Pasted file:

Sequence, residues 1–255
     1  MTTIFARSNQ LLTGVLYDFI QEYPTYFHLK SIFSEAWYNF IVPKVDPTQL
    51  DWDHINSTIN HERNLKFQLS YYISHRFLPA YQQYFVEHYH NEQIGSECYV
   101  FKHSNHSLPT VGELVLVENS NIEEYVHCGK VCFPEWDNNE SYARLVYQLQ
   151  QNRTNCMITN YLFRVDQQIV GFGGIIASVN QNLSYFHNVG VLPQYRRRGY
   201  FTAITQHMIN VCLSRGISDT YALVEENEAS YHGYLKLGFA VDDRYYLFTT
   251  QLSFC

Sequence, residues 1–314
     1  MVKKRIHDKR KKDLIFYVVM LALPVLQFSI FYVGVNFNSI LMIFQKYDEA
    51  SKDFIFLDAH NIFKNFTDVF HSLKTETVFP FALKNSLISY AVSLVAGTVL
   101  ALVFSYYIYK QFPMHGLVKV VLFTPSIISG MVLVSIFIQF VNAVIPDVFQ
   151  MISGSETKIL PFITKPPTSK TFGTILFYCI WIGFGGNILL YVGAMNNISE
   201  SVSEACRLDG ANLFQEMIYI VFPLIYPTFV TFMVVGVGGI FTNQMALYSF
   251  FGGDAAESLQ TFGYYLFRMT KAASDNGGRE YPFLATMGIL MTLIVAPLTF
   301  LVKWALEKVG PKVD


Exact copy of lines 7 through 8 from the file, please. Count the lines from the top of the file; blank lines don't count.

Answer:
   251  QLSFC

Sequence, residues 1–314